Numbers 33 - Recounts in detail the route the Israelites take into the Promised Land and the division of that land: Egypt to Sinai (42 stations in all).
Sinai to Kadesh; then Mt. Hor to Ezion-geber; and finally, Ezion-geber to the Plains of Moab. Moses tells the people when they enter the lands the Lord is giving them and destroy the stone figures and images of the people whose land they will be taking. “[I]f you fail to drive out the people who live in the land, those who remain will be like splinters in your eyes and thorns in your sides. They will harass you in the land where you live. And I will do to you what I had planned to do to them (33:55-56).
Numbers 34 - The boundaries of the land are to run on the south along the border of Edom and run up the east beginning at the Salt Sea. The western boundary will be the Mediterranean, or Great Sea and on the north a line from the Great Sea to Mt. Hor and onward touching upon several other northern points not shown on the map.
Eleazar and Joshua are to divide the land among the tribes of Israel. The leaders of the tribes are named.
Origen (185-254 AD)
De Principiis (First Principles)
8 – For those who seek to be instructed by the Holy Scriptures, Origen points out what the Scripture says about how we are to understand the “nature of Christ. Citing Colossians 1:15, he quotes Paul saying “’He is the image of the invisible God, the first-born of every creature.’” The New Living Translation is even better for Origen’s purposes: “Christ is the visible image of the invisible God. He existed before anything was created and is supreme over all creation, for through him God created everything in the heavenly realms and on earth.”
Origen insists it is not the “nature of God” that is visible in Christ. He would argue that God is simply not “visible” – not even to His only Begotten Son. There is a difference between being seen and being “known.” “It is one thing to see, and another to know: to see and to be seen is a property of bodies; to know and to be known, an attribute of intellectual being. Whatever, therefore, is a property of bodies, cannot be predicated wither of the Father or of the Son; but what belongs to the nature of deity is common to the Father and the Son. Finally, even He Himself, in the Gospel, did not say that no one has seen the Father, save the Son, nor any one the Son, save the Father; but His words are: ‘No one knoweth the Son, save the Father; nor any one the Father, save the Son.’”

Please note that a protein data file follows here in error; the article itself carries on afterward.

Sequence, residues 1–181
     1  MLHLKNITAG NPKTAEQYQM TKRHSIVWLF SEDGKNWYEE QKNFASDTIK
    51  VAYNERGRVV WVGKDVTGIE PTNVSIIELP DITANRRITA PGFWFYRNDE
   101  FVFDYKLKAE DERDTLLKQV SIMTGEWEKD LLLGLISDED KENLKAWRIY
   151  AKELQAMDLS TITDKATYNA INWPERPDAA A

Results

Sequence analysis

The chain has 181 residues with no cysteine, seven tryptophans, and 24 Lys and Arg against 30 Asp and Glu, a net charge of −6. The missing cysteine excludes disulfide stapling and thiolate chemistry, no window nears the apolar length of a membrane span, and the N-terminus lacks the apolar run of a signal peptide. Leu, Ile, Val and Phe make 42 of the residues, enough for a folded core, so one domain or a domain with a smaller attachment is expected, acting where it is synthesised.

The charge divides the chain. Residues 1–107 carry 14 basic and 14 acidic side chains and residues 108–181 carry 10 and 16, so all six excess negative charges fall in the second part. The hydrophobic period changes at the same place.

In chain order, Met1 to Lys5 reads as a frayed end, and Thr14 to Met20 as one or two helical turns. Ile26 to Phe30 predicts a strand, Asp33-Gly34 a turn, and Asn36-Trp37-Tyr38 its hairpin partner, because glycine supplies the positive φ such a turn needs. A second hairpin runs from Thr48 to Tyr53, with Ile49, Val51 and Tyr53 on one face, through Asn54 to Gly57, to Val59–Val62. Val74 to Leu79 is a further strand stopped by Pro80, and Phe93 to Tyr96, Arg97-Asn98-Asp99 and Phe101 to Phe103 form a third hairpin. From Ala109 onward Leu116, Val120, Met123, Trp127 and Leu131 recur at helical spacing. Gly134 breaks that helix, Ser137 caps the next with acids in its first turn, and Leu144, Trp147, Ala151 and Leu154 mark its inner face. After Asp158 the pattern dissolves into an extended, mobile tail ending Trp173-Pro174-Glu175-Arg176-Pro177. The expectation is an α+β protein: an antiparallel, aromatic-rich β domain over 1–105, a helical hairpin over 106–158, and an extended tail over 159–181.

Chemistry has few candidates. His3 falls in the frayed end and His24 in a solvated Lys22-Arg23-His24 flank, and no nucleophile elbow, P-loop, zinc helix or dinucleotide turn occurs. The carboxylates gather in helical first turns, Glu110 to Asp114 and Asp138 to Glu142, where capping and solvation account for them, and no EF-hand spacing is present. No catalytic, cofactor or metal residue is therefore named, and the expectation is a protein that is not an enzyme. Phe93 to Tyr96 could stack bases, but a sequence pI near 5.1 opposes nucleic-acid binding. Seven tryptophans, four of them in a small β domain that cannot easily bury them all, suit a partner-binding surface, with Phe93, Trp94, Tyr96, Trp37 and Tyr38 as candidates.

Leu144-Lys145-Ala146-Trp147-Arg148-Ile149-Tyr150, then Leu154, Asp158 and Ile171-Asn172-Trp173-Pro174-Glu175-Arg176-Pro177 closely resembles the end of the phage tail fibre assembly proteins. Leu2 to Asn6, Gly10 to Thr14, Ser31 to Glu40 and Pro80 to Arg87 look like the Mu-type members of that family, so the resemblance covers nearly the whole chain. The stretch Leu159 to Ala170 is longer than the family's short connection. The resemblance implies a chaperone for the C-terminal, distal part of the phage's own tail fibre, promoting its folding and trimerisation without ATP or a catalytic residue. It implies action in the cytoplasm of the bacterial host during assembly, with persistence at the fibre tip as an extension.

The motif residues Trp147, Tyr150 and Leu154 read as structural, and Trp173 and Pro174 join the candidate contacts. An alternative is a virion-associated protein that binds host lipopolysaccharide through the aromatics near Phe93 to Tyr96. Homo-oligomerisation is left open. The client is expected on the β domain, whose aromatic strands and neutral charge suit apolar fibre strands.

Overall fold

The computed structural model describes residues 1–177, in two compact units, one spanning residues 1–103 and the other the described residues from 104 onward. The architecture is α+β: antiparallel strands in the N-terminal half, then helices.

9 – “Here, if anyone lay before us the passage where it is said, ‘Blessed are the pure in heart, for they shall see God,’ from that very passage, in my opinion, will our position derive additional strength; for what else is seeing God in heart, but, according to our exposition as above, understanding and knowing Him with the mind? For the names of the organs of sense are frequently applied to the soul, so that it may be said to see with the eyes of the heart, i.e., to perform an intellectual act by means of the power of intelligence.”
“By this divine sense, therefore, not of the eyes, but of a pure heart, which is the mind, God may be seen by those who are worthy. For you will certainly find in all the Scriptures, both old and new, the term ‘heart’ repeatedly used instead of ‘mind,’ i.e. intellectual power. In this manner, therefor, although far below the dignity of the subject, have we spoken of the nature of God, as those who understand it under the limitation of the human understanding. In the next place, let us see that is meant by the name of Christ.”